At a recent talk you said the new Venezuelan constitution, introduced by president Hugo Chavez in 1999, contained elements of both socialism and capitalism. How has this tension developed since then?
The real qualitative shift occurred following the lockout organised by Venezuelan bosses in December 2002. The coup attempt, in April 2002, lasted just three days, but the lockout lasted three months. During that time people were transformed.
They realised that this enemy had to be fought and this strengthened the confrontation with capital.
After this Chavez stopped talking about a “third way”. It wasn’t clear what his alternative was, but he began to attack the logic of capitalism. And in November last year, he began to talk about socialism.
How would you describe Venezuelan society today?
Venezuela is not a socialist society. I think Chavez accurately characterises it as a revolutionary democracy, which for me is something that can exist under capitalism. The state is being used to take over capital step by step — to take over the means of production.
Venezuela is one of the most urbanised societies in Latin America. What does its working class actually look like?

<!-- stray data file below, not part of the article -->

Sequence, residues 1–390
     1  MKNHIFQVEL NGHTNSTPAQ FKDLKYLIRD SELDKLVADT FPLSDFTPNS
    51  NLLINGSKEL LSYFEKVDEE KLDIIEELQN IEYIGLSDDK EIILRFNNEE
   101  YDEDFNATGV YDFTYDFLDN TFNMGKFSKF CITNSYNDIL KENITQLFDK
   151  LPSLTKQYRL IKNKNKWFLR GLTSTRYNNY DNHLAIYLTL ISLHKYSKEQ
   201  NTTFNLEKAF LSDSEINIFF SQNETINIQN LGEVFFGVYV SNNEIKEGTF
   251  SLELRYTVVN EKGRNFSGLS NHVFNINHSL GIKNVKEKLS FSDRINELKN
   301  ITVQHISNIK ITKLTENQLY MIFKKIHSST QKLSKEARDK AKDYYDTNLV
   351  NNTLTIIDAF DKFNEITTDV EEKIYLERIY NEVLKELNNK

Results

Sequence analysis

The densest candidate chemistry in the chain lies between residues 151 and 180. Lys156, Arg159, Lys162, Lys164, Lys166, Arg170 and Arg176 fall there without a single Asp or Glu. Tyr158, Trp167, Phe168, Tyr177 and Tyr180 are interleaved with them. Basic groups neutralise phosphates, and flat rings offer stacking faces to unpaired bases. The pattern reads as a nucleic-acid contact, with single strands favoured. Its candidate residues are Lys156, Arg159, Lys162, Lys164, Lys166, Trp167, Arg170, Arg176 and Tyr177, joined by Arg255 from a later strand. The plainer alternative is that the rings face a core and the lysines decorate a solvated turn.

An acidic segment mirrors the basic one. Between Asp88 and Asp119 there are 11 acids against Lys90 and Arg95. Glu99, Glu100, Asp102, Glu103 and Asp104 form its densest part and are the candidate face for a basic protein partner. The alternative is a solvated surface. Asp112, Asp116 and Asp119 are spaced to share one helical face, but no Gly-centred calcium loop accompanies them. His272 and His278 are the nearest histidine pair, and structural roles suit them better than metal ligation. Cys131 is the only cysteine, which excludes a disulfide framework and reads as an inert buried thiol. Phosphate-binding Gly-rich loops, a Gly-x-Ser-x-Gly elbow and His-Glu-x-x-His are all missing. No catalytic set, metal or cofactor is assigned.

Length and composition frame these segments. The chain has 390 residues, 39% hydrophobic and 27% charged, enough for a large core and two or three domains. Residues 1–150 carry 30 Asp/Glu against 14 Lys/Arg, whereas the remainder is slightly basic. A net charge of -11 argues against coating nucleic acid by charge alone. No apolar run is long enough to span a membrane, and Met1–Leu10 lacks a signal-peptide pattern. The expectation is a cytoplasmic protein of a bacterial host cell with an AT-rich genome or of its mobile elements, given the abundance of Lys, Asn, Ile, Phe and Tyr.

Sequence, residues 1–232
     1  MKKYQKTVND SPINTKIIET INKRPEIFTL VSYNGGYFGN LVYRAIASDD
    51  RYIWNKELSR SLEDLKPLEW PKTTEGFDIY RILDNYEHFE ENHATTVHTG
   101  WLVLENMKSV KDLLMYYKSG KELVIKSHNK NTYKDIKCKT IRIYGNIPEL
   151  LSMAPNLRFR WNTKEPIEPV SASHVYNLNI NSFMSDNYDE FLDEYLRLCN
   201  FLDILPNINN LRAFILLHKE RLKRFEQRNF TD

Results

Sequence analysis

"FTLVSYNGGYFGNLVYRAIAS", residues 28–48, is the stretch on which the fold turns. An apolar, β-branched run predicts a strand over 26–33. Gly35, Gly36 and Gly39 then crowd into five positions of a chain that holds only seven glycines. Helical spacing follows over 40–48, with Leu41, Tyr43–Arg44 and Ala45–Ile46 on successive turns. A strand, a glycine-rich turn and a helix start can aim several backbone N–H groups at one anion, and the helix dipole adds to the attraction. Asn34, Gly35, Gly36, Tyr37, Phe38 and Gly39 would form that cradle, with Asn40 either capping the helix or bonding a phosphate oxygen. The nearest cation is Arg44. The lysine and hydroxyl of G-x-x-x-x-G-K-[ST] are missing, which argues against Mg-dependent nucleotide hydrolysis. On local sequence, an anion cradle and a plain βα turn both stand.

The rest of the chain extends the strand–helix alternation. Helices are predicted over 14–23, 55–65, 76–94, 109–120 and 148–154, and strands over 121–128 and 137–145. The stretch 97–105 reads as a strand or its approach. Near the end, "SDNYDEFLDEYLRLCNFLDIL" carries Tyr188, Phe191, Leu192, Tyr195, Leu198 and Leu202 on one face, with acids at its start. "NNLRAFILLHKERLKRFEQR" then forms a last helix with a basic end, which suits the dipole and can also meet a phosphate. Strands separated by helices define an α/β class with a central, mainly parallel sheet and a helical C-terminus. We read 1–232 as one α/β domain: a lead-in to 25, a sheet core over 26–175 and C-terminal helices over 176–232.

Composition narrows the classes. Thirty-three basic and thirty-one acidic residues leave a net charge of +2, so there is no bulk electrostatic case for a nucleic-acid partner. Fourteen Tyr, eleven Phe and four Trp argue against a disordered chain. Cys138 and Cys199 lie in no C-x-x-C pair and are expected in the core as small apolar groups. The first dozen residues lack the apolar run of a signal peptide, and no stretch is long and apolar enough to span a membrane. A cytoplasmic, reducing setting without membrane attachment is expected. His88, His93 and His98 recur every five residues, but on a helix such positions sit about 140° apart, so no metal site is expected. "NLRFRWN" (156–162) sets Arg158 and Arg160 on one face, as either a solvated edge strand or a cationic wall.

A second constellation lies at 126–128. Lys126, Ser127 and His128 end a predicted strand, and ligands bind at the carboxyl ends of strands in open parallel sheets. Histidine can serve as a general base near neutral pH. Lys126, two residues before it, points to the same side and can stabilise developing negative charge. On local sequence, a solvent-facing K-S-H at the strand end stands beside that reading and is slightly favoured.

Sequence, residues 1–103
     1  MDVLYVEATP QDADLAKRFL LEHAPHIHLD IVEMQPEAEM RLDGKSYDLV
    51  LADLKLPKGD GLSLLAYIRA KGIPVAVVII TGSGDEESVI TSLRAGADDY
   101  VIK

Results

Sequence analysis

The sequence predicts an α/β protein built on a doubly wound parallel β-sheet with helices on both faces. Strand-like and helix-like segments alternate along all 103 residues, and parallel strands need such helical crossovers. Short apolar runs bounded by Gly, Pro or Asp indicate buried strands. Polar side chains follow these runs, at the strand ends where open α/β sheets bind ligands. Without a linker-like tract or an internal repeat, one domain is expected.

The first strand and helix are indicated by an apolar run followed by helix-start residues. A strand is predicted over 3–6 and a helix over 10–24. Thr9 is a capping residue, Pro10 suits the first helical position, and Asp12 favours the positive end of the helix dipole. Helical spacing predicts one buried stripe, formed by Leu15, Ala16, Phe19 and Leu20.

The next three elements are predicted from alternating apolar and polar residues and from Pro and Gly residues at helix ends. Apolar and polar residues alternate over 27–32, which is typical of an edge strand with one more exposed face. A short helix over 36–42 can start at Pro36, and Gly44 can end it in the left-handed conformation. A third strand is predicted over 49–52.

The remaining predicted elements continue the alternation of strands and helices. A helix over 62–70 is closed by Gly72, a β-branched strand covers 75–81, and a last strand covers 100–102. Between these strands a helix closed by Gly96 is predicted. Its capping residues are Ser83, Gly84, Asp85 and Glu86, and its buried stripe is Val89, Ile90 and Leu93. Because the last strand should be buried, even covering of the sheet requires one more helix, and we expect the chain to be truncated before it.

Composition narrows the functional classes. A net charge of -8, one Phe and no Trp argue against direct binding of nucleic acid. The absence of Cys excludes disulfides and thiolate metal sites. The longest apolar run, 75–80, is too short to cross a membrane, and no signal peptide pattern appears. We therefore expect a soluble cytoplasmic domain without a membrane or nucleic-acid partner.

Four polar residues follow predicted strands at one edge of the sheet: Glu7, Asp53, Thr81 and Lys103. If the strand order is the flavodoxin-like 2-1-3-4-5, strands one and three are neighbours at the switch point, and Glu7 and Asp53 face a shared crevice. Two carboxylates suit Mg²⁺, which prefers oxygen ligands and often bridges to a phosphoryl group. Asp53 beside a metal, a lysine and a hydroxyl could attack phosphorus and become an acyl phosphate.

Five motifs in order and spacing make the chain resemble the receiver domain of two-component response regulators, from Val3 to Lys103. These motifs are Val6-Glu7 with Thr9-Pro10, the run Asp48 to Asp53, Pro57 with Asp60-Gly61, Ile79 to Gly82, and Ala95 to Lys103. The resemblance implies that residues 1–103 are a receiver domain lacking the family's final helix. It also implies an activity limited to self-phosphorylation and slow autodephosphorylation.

The starting point is to recognise that 53 percent of the working class is in the informal sector — basically involved in selling things. Many them should really be counted as wage labourers. They are precarious workers who are part of system of generating profits, selling goods produced using capitalist methods.
Venezuela doesn’t produce an enormous quantity of commodities itself. It exports oil and imports everything else. Chavez argues that the first thing the country has to do is move away from this.
Is there a tension between the drive to meet needs and the drive to accumulate wealth to build up industry?
Venezuela’s oil is a huge source of revenue, so it’s not a question of choosing one or the other. And, in conditions of high unemployment, investing in industry is about giving people a job, giving them some income.
The revolution faces the challenge of demonstrating to people that it can change their lives. It has already improved the situation for the poor.